Politics Magazine

Labour Rediscovers Public Ownership: Bad News for RBS

Posted on the 15 January 2014 by Thepoliticalidealist @JackDarrant

Whatever you want to call us: the 99%, the working and middle classes, ordinary people, the proletariat… we’ve been having a tough time over the past 7 or 8 years. We’ve been paying for the near-collapse of the global financial services industry twofold: with the wrecking of our pubic finances to fund hectobillion bailouts, and the pinch that the rest of our economies are suffering. Consequently, it’s our living standards that are falling, our public services that don’t work, our life chances that are being salami sliced.

However, some people aren’t suffering.

Let me quote you one shocking fact: according to an article in the latest edition of Tribune, UK inflation has outstripped the growth in average earnings (at about 2-3% to 1%) on every month except April 2013, when City bonuses and pay rises distorted the national figures. The pay rises of a few thousand overpaid bankers were so vast as to outweigh the below-inflation rises of 40,000,000 workers. The very group of people who drove Britain to the brink are those who aren’t paying for it. This will only come back to haunt the banks.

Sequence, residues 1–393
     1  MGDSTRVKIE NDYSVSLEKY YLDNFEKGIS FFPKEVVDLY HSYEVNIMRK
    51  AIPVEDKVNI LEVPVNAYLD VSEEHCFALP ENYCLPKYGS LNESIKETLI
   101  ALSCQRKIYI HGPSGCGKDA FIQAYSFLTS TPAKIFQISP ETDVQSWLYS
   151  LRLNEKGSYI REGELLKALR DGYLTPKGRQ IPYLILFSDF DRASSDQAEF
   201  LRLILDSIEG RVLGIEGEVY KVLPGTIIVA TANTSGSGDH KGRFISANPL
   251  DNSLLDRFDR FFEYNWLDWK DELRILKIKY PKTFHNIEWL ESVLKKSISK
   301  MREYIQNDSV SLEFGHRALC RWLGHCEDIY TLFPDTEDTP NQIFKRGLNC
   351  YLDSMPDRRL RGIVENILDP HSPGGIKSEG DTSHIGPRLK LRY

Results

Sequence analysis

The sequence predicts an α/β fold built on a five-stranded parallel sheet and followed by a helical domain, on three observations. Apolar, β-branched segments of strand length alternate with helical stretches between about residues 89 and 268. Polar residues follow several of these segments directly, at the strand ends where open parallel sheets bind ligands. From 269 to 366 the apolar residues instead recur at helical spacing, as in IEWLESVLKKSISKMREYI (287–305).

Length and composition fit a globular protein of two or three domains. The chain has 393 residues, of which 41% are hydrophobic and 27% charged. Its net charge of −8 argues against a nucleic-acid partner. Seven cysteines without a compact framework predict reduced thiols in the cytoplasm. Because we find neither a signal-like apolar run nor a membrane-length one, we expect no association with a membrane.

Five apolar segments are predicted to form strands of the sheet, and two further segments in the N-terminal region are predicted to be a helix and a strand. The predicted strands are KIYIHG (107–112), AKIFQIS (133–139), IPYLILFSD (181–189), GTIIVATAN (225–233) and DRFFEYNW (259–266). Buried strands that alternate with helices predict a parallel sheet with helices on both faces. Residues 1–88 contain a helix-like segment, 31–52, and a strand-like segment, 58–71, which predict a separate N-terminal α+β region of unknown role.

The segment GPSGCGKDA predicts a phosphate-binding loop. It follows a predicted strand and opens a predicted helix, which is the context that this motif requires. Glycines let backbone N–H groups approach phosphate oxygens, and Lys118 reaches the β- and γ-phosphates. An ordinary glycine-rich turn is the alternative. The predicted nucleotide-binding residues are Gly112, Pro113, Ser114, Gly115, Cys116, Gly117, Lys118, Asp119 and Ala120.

So when the 82% state-owned Royal Bank of Scotland demanded the government’s consent to its paying its top bankers bonuses of 200% of their ordinary salaries, it got little public sympathy. Under new EU law (which George Osborne is trying to challenge), banks may only pay bonuses of 100% of annual salaries, or 200% with shareholder approval, meaning that the Government can no longer be a passive shareholder. If the Treasury wants Lloyds’ and RBS bankers to receive obscene bonuses, they have to vote for it.

And that’s exactly what the Government intends to do, but for a little political difficulty. The Labour Party is now calling on the Government to vote against any bonuses: a populist policy that could force the Conservative Party’s hand. Labour’s policy is a refreshing change from that of its previous leadership, which insisted on a “hands off” approach to the nation’s shareholdings. A bit of radicalism is what Labour is supposed to be about. Some have condemned the proposal as anti-business. It isn’t. It’s anti-theft.

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